Lentils would certainly be on my stockpile list. Well, they are. We eat lentil soup a lot when the weather is cooler. It has good nutrition and doesn't need a lot of fuel to cook and can be done very deliciously.

But I agree with you that some people only know frugal stockpiling from theory, and it isn't enough.

This is the time of year that one can buy freshly harvested things for the least money and dehydrate or can or even freeze them. It's the natural time to stockpile, and the traditional one too, I believe.

Amanda said...

I am very interested in hearing how your real experience in stockpiling differs from that of the article. I also would like to know the URL for their list it.

Yesterday I did up 40 pounds of tomatoes from my garden into marinara sauce. Our power went out due to storms in the area so I will have to finish reducing it tonight and get it canned up. It tasted so wonderfuly! I love stockpiling and cannot wait to hear what you have to say about the new recommendations.

Ann said...

Love your site, Brenda. Your spiritual insights make me stop and think and ponder my own life ... that's good for me. And your frugal lifestyle encourages me to be more careful and less "worldly" in my pursuits. Blessings, Ann

Shan said...

Dearest Brenda,

I am finally "catching-up" on my blog reading...I just love your pantry posts.

I too,have been taking my stocking-up very seriously. I think things are going to get worse before they get better.

So glad to have your sage advise!

Yours kindredly,
Shan
Honey Hill Farm

Anonymous said...

Yikes! What was it that appalled you?

Friend Debra

Anonymous said...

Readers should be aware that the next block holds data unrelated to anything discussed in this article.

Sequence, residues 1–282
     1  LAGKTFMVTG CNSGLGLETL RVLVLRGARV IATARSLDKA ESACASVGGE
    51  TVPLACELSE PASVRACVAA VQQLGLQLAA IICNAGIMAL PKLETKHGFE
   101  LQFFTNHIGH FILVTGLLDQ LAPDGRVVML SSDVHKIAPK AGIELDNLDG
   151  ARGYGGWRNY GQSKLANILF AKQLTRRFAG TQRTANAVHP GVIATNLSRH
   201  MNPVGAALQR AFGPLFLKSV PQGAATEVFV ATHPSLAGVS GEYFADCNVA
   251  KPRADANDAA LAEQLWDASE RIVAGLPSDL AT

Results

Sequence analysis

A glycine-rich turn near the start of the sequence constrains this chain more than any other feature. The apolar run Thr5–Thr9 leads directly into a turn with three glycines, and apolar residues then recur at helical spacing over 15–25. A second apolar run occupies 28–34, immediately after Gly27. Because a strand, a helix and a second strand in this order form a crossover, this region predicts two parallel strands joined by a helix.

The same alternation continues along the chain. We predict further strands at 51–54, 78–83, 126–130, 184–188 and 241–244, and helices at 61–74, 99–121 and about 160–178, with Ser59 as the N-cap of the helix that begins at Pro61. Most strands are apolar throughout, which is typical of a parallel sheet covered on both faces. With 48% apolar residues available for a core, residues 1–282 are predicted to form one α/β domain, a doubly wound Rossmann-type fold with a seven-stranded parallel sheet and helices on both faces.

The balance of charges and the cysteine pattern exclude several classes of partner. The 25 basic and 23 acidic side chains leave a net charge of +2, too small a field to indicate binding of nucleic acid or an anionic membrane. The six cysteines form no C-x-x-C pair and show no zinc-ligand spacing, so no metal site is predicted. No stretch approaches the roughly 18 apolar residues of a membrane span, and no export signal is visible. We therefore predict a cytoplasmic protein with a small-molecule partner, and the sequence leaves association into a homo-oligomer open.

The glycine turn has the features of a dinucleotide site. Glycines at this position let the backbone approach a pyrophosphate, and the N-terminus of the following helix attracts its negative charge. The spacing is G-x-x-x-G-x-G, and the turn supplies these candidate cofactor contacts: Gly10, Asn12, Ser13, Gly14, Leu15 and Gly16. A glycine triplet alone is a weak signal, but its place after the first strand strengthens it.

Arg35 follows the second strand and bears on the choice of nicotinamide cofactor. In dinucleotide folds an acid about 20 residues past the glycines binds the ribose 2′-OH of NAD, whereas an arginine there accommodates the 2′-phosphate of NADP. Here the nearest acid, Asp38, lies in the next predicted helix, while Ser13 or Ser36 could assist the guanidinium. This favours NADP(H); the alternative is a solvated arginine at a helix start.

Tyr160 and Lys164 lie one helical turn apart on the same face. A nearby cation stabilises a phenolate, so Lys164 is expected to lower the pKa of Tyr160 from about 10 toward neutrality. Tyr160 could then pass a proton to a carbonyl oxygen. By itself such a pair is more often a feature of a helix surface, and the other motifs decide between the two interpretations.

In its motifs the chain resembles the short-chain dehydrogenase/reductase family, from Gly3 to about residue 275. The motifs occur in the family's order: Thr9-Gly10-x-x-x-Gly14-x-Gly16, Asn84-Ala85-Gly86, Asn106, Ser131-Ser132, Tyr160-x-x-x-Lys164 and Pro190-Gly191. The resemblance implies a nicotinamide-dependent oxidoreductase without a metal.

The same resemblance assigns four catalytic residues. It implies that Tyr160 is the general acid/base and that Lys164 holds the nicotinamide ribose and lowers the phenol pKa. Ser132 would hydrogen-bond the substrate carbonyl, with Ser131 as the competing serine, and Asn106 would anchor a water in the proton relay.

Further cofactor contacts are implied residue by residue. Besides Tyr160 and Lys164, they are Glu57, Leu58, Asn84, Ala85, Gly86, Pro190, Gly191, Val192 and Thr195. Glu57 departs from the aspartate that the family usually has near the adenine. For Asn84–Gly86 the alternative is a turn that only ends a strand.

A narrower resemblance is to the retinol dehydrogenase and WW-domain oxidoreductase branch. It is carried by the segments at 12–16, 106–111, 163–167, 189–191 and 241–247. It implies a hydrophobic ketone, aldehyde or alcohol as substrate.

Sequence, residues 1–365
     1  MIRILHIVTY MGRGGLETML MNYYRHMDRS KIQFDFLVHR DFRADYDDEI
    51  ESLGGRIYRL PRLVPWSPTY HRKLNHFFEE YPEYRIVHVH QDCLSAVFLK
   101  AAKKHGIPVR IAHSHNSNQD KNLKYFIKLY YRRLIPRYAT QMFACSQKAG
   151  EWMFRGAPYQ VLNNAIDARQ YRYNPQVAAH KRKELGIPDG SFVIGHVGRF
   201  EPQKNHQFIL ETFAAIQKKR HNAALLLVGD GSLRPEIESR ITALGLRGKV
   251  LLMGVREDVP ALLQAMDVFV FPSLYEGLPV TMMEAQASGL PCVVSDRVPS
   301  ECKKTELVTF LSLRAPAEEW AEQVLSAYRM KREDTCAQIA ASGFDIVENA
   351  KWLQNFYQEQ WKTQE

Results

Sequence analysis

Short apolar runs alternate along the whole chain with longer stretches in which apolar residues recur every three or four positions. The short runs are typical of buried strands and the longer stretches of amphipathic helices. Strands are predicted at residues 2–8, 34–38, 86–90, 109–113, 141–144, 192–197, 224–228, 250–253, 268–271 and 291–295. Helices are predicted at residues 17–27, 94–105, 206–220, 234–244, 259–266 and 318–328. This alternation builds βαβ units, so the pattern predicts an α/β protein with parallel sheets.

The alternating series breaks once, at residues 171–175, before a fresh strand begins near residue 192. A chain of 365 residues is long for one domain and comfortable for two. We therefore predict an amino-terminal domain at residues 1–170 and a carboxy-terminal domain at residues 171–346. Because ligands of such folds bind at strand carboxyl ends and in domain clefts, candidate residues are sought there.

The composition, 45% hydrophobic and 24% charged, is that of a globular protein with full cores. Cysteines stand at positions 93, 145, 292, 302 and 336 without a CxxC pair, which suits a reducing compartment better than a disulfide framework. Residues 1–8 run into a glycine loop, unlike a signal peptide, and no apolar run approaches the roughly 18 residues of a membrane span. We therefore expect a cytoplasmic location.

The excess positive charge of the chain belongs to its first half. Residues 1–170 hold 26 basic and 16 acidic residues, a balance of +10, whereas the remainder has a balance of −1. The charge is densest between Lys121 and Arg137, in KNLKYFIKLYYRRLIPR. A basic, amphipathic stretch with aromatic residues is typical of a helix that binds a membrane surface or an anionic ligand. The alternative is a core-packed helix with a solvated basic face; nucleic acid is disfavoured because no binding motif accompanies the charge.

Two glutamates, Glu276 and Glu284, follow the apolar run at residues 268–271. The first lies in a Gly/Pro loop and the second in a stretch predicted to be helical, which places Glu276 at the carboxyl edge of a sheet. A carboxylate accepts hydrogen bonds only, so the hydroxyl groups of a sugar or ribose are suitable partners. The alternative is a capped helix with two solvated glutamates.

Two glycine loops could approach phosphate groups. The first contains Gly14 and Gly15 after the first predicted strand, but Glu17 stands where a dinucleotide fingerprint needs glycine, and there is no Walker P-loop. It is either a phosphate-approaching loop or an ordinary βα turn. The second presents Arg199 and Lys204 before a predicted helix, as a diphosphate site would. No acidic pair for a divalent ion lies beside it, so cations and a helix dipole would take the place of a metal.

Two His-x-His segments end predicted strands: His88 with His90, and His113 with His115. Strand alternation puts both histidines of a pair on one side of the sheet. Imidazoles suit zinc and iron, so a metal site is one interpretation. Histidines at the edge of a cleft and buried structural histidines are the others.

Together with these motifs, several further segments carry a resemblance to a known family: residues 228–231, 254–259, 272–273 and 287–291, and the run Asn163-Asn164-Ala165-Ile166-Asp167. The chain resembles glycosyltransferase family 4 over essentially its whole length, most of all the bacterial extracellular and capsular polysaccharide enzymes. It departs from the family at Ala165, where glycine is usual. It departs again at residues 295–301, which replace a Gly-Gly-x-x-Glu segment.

We have always had a lot stocked up and now that the family is small again we are using some of it up and reevaluating what we need to keep on hand. Things change through the years. I am going to dry more again and can in smaller batches. I too would love to know the site you were talking about you trust and what was different in their lists. One thing too is that we need here to keep some of the supplies that could stand the heat/cold in areas out of the home. Like a container on the patio out of the sun and such that keeps any damp out. Things like extra tp or anything like solar blankets needed for emergency in this earthquake prone area. Also don't forget to add some Red Cross first aid books. Canned goods will not work outside but many things will if kept safe from bugs and dampness and as much as possible the changing weather. An extra can opener can be there though! You can have doubles inside and a bag close for taking if you have to leave your home but least some will be outside in case you can't stay in. To much to think of somedays it seems!! :) We get solar blankets and such small things to add to the grandkids and grown children's Christmas stockings each year! Helps the family add to their stock. Teens love a Swiss Army knife! Looking forward to another good article Brenda! Thankyou! Kathy